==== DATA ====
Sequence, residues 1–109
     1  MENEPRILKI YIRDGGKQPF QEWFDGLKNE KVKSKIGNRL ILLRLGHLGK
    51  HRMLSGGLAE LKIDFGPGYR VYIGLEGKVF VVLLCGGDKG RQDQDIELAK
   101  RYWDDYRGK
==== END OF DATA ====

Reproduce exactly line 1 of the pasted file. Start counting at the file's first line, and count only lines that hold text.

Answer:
Sequence, residues 1–109